For many years, Hill Country bluesman Junior Kimbrough had a juke joint in rural Marshall County that was a destination for those in the know. People from all over the world made their way to the spot, where blues continued “All Night Long”, as the song said. The juke moved a couple of times over the years, then burned to the ground, and never reopened. So when I heard that Junior’s son was opening a new juke called Junior’s Juke Joint #2 near Holly Springs, I was thrilled. The new juke is much closer to town than the old ones had been, just north of the Rust College campus along Highway 7. The bright blue building was already abuzz with activity when I arrived, and I saw a number of people that had just come from the blues concert on the square, just as I had. Little Joe Ayers performed first, and as he was on stage Shannon McNally and Garry Burnside came in. Shortly thereafter, Junior Kimbrough’s son Robert Kimbrough got on stage and performed several tunes, and then the man of the evening appears, the juke’s owner himself, David Kimbrough Jr. As he performs a number of the Hill Country blues standards, his dad’s as well as R. L. Burnside’s, the floor fills up with willing dancers. When I left at midnight, things were still going strong. Junior’s Juke Joint #2 will be a must-visit attraction in Holly Springs.
Robert Kimbrough is one of the many sons of the late legendary bluesman Junior Kimbrough, and a frequent performer at the Juke Joint Fest each year in Clarksdale. This year, he performed on the Cat Head stage in front of Roger Stolle’s Cat Head Delta Blues shop, and after his set posed for a picture with two of his brothers that are also musicians, Kent (a drummer) and David (a guitarist). Robert Kimbrough has also released a new album this year called It’s Your World.
Last Friday night, as David Kimbrough Jr struck up the first few notes of his first tune at The Cool Spot in Holly Springs, I realized something momentous was happening that ought to be preserved for the future, so I recorded the entire show with a recording app in my iPhone. Of course the recordings were made under less than optimum conditions, but I have used the editing software in Audacity to clean the tracks up as best I can. Enjoy this authentic Hill Country blues played by three of Junior Kimbrough’s sons, David, Robert and Kenny. David’s album Shell-Shocked can be purchased on iTunes here. Kenny also recorded an album under the name Kent Kimbrough on Hill Country Records, and that can also be purchased on iTunes here.
Only once before had I heard David Kimbrough Jr, at this year’s North Mississippi Hill Country Picnic, and at that event, he played the dulcimer with his drummer, but tonight, amongst his friends and relatives in Holly Springs, he played the Hill Country blues style for which his dad was justifiably famous. Backing him was his brother Robert Kimbrough on bass and his brother Kenny Kimbrough on drums, and the music, atmosphere and dancing must have been something like being at Junior’s old juke joint back in the day, except that everything had to end early because clubs are supposed to close at 2 AM in Holly Springs. As it was, the crowd didn’t want to leave, and the club owner finally had to run everybody out at about 2:30 in the morning!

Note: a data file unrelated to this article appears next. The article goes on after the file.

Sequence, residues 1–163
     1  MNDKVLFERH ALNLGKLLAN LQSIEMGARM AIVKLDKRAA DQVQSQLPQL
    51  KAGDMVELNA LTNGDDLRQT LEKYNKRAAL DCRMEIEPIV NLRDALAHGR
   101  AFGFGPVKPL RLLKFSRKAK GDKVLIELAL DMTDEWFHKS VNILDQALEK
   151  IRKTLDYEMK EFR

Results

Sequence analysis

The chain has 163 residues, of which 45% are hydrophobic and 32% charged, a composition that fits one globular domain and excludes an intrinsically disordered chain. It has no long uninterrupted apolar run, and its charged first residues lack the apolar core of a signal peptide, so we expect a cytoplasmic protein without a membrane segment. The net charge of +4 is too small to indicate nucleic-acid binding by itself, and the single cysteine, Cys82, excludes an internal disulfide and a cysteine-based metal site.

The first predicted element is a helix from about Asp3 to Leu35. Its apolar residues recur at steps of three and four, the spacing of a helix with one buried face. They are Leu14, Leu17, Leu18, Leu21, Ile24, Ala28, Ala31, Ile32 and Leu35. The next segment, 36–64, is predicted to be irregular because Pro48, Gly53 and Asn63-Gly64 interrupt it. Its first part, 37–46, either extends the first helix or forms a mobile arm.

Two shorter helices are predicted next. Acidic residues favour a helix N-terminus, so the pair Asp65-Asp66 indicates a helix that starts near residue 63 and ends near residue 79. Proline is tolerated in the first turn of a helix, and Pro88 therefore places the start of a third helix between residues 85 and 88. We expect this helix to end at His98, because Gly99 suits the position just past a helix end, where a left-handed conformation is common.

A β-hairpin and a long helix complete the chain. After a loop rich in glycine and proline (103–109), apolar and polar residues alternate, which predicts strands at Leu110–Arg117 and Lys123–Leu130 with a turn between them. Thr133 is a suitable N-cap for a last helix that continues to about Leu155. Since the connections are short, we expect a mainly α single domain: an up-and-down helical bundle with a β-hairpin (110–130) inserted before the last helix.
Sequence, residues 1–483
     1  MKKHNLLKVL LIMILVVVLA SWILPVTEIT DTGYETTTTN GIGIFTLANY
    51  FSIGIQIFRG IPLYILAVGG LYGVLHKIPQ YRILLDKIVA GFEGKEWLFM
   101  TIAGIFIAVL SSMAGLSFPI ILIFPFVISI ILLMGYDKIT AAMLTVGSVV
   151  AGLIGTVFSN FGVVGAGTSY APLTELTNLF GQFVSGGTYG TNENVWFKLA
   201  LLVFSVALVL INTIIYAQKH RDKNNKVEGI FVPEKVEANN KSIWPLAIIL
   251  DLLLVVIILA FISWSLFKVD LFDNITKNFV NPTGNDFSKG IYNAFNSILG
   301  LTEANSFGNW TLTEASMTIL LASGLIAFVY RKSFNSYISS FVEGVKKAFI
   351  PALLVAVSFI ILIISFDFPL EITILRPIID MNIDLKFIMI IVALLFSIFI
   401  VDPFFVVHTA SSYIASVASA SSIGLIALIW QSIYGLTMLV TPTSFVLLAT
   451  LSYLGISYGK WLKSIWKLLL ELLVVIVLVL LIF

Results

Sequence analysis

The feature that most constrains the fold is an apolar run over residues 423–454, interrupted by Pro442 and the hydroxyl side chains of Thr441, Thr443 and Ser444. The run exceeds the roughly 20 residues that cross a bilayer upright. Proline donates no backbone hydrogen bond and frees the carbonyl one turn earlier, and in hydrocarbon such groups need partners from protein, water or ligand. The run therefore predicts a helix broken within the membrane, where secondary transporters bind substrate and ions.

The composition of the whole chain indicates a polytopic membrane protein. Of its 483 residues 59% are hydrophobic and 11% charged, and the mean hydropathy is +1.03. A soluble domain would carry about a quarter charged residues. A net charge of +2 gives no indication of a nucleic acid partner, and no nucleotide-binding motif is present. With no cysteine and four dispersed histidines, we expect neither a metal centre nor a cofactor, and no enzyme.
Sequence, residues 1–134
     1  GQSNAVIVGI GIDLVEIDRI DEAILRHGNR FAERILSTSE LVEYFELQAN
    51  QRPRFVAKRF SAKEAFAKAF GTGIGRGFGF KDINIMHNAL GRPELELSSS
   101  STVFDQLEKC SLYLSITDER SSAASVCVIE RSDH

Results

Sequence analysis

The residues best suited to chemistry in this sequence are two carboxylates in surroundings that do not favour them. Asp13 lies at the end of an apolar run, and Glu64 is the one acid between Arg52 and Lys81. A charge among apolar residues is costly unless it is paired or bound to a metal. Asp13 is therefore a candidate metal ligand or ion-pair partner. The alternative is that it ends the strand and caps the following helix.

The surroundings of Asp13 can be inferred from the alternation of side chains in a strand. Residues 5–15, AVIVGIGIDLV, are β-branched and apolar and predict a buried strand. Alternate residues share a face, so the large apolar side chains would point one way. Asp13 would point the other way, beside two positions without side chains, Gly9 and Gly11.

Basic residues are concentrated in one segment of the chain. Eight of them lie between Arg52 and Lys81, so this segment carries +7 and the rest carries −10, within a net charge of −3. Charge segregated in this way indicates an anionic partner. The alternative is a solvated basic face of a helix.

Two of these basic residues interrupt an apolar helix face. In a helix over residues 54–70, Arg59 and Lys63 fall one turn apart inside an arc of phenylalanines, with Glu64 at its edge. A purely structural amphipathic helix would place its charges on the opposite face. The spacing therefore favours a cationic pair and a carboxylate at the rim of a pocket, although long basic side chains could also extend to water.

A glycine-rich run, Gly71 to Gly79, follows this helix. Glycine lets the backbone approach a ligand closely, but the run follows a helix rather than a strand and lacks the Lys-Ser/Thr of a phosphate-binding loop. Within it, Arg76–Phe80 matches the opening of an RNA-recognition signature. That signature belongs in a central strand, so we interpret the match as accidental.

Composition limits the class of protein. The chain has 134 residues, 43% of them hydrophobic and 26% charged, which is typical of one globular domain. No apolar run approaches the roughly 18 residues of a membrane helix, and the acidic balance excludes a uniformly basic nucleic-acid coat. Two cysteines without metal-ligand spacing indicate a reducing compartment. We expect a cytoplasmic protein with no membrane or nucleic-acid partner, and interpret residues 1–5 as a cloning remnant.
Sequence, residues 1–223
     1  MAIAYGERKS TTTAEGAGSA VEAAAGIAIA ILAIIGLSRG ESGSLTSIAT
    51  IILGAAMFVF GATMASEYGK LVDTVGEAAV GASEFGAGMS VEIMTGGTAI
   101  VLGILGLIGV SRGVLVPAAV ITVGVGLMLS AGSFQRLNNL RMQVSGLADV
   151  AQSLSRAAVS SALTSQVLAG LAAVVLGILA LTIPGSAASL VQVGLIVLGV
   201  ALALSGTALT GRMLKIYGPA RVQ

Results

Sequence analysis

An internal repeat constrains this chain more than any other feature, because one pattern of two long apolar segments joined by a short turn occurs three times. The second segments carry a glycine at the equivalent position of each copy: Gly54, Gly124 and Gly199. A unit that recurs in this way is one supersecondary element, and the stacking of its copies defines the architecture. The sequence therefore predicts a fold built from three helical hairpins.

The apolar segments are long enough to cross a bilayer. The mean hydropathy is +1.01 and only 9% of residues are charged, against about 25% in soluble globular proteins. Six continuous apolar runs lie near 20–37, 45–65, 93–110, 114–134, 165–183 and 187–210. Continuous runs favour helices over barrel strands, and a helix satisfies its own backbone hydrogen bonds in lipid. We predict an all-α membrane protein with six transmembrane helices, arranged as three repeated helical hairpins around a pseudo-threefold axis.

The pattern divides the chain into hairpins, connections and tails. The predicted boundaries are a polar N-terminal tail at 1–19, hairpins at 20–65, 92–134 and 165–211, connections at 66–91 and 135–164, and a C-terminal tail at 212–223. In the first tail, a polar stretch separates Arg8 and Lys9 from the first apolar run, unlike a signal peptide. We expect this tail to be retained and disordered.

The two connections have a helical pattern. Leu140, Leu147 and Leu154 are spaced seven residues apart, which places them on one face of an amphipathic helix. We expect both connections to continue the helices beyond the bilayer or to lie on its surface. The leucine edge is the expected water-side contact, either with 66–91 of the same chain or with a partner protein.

As is appropriate for a store with a name that references such a Hill Country blues great, there is a wonderful blues selection, both on used and new vinyl, as well as a small selection of blues CD’s, primarily those on the Fat Possum label, which has an interest in the store. There are also plenty of indie rock discs, and used vinyl of all genres, as well as a small book selection. It’s definitely worth a visit, but also worth pointing out that they close relatively early each day at 6 PM, so if you’re driving to it from out of town, keep that in mind.
Robert Kimbrough performing the title track of his new EP “Battlefield” at Cat Head Delta Blues during Juke Joint Fest 2013 in Clarksdale
Robert Kimbrough (son of legendary bluesman Junior Kimbrough) performs his song “Can I Smell You” from his new EP “Battlefield” at Cat Head in Clarksdale during the Juke Joint Fest 2013.
End of All Music is a cool, hip record store on North Lamar Boulevard in Oxford, Mississippi which opened in March. Its rather unusual name is actually taken from rockabilly legend Charlie Feathers’ quote about his friend and mentor Junior Kimbrough, whom Feathers said was “the beginning and end of all music.” Both Feathers and Kimbrough were from Marshall County, just north of Oxford, and the store meets a real need in a community as hip and arty as Oxford. As one might expect, there is plenty of blues, and all of the cool reissues from labels like Numero Group, Big Legal Mess, Fat Possum, Thompkins Square and Mississippi Records, as well as a fair selection of indie rock on CD. But the big prize at End of All Music is vinyl, both new and used. People wanting to make a pilgrimage there from Memphis or elsewhere (for the selection really is better than some big-city stores), should be aware that End of All Music is closed on Sundays and Mondays, and is open the rest of the week from 10AM to 6 PM. Follow them on Twitter @endofallmusic. Like them on Facebook at http://www.facebook.com/pages/The-End-of-All-Music/237258039697978. Or you can visit their website at http://theendofallmusic.com/. Enjoy!